This Once-in-a-Lifetime Opportunity

Sarah Sarai

Once a coworker disappeared, on
vacation, I imagined, imagining

his folks, San Francisco, Chinatown,
the Mission District, hills. We’d

compared San Franciscos with mine
being the Haight and fuchsias in

Golden Gate Park where they bloom
like it’s a once-in-a-lifetime opportunity,

this plunging into life to be loved.
Later I wondered about moons

rocking his eyes and who’d dusted his
face with chalk, cut out a silhouette of

him, breathed half-life in it so he was
a shaky doily, a minor dimension of some-

one I once knew, inhaling and suffering.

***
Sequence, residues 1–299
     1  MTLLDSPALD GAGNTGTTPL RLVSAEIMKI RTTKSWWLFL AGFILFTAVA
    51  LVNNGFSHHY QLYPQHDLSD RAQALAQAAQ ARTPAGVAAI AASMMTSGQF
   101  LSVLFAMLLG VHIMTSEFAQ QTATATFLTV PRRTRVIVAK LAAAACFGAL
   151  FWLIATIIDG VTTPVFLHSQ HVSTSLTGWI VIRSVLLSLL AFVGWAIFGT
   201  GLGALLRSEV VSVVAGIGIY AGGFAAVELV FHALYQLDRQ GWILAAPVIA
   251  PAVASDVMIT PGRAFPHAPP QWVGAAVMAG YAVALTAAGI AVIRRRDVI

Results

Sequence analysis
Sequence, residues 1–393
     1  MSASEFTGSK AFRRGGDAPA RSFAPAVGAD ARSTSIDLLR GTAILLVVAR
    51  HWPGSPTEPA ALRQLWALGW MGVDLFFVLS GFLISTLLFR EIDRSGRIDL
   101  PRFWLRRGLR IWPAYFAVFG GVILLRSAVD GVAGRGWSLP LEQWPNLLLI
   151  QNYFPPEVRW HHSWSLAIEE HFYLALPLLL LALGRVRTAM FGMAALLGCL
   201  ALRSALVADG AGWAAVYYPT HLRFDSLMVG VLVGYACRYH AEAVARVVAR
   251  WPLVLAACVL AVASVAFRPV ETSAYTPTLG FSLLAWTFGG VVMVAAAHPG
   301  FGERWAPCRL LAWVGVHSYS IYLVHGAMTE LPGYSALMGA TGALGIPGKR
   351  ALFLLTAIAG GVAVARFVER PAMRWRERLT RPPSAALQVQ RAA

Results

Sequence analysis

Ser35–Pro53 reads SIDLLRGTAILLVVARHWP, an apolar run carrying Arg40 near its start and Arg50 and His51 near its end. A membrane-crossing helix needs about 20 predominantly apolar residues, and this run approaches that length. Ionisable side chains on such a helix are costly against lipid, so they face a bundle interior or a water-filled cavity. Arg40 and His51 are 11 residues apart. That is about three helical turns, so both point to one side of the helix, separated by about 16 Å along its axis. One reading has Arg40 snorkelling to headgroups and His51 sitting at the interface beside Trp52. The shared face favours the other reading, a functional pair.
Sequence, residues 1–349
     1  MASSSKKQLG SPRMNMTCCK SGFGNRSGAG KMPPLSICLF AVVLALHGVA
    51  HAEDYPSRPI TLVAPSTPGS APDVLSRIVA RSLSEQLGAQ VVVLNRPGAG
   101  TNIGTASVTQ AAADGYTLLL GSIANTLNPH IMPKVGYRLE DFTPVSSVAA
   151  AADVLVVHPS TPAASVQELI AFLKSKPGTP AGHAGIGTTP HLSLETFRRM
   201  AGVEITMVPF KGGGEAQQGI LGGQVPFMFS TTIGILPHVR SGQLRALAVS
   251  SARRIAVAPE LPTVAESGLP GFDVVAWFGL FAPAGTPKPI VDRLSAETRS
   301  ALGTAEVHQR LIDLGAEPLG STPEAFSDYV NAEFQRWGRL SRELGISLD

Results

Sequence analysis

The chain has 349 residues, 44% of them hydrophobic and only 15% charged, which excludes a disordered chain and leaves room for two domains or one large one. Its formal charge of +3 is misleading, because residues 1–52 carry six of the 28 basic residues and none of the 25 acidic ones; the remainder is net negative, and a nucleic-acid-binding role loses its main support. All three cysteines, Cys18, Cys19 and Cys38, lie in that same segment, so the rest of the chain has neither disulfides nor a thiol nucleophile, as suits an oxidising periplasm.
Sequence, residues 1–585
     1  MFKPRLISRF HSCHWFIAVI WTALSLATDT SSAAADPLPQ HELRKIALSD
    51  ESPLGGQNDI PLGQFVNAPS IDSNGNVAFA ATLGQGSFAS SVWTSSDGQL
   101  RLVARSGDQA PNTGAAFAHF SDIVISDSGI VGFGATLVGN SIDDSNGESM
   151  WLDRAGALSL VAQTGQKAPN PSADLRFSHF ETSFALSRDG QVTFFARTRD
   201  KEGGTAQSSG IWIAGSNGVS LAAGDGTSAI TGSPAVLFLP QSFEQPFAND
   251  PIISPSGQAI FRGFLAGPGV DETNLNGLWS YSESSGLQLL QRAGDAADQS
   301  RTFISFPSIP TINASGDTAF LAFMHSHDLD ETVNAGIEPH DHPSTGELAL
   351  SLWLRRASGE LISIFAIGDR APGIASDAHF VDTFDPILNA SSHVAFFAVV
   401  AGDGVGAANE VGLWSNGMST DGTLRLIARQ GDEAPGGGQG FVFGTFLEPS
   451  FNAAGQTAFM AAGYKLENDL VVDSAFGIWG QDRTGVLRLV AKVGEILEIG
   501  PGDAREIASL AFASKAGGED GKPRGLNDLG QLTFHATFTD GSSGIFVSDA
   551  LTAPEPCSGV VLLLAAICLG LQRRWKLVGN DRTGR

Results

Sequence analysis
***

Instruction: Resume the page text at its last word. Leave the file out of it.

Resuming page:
One morning he pulled me aside to

advise I never check myself into Bellevue.
I was Assistant Web Producer, learning

HTML, how to code so if you wanted
a word bolded only the word was bolded,

not paragraph or page. We linked to
a webcam on Times Square. I was asked

to seed the forum. I created a flash-of-
a-girl in blue, and parents who hoped

they spotted “our Felicity” on
43rd Street. When my boss asked if 

I was Felicity or her folks I lied.
I wondered about the pajamaed at Bellevue.

“The world doesn’t make sense. Stay away.”
As for advice, generally I say, “Shut up,

already,” though a make-up artist friend
advised me on lip-liner, took me to Duane

Reade to buy a pencil matching a shade of
lipstick a graphic designer at Estee Lauder

gave me, a fuchsia, as from my west of
aching beauty. What a nice thing to do.